Al Gore spoke about Republicans and global warming on Tuesday in an interview with The Washington Post. He discussed the positions that Republicans like Rand Paul (R-Ky.) and Marco Rubio (R-Fla.) have taken on global warming, and the pressure the GOP puts on its politicians in general. He did acknowledge that both John McCain (R-Ariz.) and Mitt Romney ran on platforms that recognized and offered solutions to climate change. “And there were a number of Republicans that took that position,” noted Gore.
Even so, he claimed that the GOP has “an enforced orthodoxy” regarding climate change. “I don’t think it’s particularly complicated why they have all been cowed into abandoning that position,” said Gore.”They will face primary opponents financed by the Koch brothers and others who are part of their group if they even breath the slightest breath of sympathy for the truth about climate science. It’s not really that complicated.”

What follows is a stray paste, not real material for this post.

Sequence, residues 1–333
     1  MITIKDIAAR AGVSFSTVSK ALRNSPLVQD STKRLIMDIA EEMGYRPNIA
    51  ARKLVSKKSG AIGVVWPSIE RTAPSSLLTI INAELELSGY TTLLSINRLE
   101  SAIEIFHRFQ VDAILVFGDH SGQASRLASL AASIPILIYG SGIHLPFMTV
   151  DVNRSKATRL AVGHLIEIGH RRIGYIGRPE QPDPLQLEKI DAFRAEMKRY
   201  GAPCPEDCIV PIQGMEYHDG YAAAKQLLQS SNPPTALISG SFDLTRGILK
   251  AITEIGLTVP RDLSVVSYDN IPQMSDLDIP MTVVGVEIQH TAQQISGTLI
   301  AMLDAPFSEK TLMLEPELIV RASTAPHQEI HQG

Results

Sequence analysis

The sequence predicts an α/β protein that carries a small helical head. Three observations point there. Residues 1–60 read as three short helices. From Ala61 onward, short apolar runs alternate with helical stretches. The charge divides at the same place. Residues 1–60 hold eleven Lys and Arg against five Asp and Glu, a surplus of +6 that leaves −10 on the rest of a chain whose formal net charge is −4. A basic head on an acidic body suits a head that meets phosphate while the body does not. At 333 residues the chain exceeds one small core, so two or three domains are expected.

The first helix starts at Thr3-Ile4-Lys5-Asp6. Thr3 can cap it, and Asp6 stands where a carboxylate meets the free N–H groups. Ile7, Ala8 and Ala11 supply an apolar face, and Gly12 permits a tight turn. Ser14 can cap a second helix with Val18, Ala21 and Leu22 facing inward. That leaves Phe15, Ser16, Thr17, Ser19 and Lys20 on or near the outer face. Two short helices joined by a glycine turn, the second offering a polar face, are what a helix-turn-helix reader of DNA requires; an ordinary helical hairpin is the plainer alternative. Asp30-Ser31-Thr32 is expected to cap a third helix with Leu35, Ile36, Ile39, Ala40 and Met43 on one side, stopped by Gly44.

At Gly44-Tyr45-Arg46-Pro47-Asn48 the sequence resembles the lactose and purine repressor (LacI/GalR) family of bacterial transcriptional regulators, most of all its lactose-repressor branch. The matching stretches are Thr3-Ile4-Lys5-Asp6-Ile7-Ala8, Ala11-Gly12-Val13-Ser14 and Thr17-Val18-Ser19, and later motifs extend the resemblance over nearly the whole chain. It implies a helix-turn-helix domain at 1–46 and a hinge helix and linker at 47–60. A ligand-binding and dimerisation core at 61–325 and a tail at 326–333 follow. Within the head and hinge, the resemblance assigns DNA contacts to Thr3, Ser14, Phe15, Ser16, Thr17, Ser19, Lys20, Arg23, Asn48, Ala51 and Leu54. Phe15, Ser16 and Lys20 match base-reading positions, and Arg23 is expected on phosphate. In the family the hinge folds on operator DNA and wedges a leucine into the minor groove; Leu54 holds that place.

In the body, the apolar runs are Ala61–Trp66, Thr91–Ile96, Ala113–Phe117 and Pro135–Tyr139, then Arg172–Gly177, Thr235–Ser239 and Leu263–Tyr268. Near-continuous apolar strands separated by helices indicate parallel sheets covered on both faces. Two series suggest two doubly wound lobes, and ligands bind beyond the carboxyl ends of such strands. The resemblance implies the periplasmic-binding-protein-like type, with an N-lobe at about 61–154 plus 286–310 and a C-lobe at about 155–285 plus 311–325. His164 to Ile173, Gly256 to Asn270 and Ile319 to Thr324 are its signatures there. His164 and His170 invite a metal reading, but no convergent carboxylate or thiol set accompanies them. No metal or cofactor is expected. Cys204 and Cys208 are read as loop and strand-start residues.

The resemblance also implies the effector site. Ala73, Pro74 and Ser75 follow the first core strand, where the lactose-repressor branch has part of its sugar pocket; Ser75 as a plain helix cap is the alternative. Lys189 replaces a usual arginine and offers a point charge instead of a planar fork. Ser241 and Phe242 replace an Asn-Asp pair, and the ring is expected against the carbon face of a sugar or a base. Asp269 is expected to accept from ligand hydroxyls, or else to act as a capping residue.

But while he gave credit to past presidential hopefuls in the GOP, he also recognized that 2016 candidates aren’t as flexible in their views. Three big names who have specifically mentioned an interest in the presidency have also spoken out about climate change — and not in the same vein as McCain and Romney. Let’s take a look at three presidential possibilities who fit concerns over the GOP’s anti-climate change conformity.